"If I were to circumnavigate with my BRS15, the variation would change continuously, but the variation would remain constant."

Dis you mean the declantion would change continuously?

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No, I mean Variation and Deviation.  At least that's what we called it back in 1983 when I took my Advance Pilot Class from the US Power Squadron.  Also, my American nautical charts show two compass roses, one superimposed on the another.  In the center of one of these (for example) it states "VAR 15•00'W (2014) ANNUAL INCREASE 8'"  I believe the "VAR" stands for variation.  I also see that on the NOAA website they use the term "declination" for waht the USPS taught me was variation.  I believe that they are synonymous terms.   Besides, if I used your terms, I'd have to find a new mnemonic to replace the one I was taught 34 years ago.  It ain't happenin'.

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No, not snarky Don, many people get the terms confused. I teach aeronautical navigation (having served as a navigator in the navy and being a pilot) and students constantly wrestle with the concept. Variation, otherwise known as declination, is of course the difference between True and Magnetic, even in the land "down under", Deviation should remain constant on a vessel due to magnetic interference, although it might be slightly different for each cardinal point of the compass. Hence the need for a correction card and swinging the compass to check the deviation occasionally. I generally find that compasses built in the northern hemisphere need correction to operate in the southern, although I still have not figured out why. I have one that is unusable because it has no adjustments but reads about 30 degrees off.

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Drew,

 Now you make me anxious to test mine!  Unfortunately, it will have to wait until August.  We have travel plans on the horizon.  For nautical vessels, the USPS outlines a process using a Napier Diagram to define a ship's deviation curve.  One is supposed to take deviation data every 15 degrees!  I believe this is more germane for a twin screw 50 footer intending to make a passage to Bermuda, than to a plywood 15 footer with a 2.5 Suzuki heading for the Okracoke Inlet.  I will take data in August, nonetheless.  But I'll start with 90 degree increments, and might even go to 45, if I see numbers greater than 5 degrees deviation.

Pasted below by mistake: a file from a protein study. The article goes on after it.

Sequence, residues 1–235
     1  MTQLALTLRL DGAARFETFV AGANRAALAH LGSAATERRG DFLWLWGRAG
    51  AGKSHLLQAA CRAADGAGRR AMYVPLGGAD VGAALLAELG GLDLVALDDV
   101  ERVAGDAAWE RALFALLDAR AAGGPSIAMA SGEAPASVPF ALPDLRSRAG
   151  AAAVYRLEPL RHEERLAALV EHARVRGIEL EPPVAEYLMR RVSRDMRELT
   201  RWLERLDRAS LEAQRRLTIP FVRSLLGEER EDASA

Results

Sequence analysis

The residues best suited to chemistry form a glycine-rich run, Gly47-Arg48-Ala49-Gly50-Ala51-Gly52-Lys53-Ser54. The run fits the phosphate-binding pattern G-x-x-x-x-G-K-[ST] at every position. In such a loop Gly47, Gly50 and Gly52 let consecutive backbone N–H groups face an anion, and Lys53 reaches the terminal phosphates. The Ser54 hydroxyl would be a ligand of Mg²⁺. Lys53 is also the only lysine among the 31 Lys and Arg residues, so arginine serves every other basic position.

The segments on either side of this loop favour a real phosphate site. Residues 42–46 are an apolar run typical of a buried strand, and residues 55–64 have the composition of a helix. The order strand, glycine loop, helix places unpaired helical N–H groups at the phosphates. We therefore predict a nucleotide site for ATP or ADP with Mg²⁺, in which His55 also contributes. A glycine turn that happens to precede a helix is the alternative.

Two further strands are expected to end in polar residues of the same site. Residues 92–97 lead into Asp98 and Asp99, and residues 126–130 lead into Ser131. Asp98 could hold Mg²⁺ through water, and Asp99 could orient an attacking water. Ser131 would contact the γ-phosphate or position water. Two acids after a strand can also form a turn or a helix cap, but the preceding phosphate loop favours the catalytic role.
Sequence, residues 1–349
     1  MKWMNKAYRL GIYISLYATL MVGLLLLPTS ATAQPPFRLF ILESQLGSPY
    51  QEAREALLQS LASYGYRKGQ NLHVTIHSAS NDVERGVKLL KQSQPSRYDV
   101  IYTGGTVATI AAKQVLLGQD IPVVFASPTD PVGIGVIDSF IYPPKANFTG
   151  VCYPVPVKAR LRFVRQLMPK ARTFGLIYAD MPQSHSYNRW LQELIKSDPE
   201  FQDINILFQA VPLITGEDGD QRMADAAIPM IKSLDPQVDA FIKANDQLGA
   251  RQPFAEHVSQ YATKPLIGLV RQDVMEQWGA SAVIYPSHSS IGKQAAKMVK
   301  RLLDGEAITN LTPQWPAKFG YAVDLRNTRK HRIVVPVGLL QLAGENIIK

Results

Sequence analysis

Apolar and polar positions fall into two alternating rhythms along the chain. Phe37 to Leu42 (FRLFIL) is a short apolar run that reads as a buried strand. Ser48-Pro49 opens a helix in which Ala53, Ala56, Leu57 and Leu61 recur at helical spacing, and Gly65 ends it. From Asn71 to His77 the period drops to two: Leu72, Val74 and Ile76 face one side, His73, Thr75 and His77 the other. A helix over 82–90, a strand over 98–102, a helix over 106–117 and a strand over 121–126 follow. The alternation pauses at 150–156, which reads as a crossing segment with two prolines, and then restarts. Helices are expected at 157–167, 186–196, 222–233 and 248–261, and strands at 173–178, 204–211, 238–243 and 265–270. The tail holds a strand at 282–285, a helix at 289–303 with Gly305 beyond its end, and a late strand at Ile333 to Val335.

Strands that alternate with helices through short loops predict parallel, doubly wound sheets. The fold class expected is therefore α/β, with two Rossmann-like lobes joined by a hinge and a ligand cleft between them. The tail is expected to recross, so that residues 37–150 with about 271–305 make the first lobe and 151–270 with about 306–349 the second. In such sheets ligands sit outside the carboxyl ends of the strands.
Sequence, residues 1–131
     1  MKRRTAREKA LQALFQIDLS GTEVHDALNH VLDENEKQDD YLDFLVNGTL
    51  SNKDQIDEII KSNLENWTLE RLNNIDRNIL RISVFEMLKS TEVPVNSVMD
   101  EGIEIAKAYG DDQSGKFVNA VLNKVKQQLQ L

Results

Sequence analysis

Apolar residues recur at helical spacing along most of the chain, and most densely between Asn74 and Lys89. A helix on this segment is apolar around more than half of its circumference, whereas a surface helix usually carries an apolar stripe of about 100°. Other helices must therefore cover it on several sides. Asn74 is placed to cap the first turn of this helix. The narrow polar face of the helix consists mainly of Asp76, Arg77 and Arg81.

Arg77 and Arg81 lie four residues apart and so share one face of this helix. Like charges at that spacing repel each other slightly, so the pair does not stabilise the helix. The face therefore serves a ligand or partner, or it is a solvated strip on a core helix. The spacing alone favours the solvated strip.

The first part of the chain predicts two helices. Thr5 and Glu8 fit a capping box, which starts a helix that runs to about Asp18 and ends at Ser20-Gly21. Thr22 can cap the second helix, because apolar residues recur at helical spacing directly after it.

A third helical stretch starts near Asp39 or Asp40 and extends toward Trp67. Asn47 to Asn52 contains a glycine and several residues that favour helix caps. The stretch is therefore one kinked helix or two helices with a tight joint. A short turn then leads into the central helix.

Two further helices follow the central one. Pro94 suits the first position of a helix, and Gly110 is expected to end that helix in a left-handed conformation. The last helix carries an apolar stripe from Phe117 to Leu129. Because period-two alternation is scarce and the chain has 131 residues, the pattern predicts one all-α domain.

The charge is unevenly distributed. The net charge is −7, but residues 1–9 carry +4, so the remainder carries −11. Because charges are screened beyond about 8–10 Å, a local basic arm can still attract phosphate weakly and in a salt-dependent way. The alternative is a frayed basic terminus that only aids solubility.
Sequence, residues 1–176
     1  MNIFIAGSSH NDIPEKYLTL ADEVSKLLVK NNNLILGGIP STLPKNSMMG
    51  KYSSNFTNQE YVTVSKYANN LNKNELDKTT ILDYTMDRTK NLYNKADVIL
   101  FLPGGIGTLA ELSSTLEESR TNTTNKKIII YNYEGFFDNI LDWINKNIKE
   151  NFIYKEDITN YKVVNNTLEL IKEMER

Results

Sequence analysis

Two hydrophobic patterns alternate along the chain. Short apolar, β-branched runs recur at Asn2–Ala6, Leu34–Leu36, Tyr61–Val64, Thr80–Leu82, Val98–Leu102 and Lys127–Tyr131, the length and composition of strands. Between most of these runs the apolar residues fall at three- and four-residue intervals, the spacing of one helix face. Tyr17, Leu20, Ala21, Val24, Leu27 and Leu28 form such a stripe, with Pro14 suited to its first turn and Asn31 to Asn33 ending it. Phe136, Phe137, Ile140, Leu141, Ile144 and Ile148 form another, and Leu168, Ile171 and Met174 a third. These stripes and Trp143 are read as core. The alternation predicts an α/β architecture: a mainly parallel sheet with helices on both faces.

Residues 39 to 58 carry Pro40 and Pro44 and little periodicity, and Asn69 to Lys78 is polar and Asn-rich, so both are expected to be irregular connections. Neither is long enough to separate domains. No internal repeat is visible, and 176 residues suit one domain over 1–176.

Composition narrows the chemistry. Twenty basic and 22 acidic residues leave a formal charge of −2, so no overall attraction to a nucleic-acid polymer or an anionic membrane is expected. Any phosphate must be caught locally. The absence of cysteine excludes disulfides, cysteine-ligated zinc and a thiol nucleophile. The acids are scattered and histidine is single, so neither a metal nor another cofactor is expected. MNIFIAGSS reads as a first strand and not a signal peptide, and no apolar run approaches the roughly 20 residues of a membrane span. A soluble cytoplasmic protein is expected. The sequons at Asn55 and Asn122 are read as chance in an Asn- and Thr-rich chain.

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I think you are right Don,anyone who can steer a small boat in a seaway at better than 5 degrees is doing very well. All that ultimately matters is track made good - am I going in the right general direction to see my next waypoint? A hand bearing compass, however, needs to be a little more accurate than this if one is going to take sights and fix a position on a chart (or we can just cheat, use a GPS for Lat and Long, and hope the batteries don't go flat).

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Right you are, Drew.  Actually, I'll have iSailor on my phone, plus my ancient B&W Garmin Map76.  The compasses are back-up and/or nostalgic.

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Glad to hear it, Jay.  Hope it works out.  I'm thrilled with the quality/feel of mine.  We'll see how it performs.  Did you get the bracket or bulkhead version?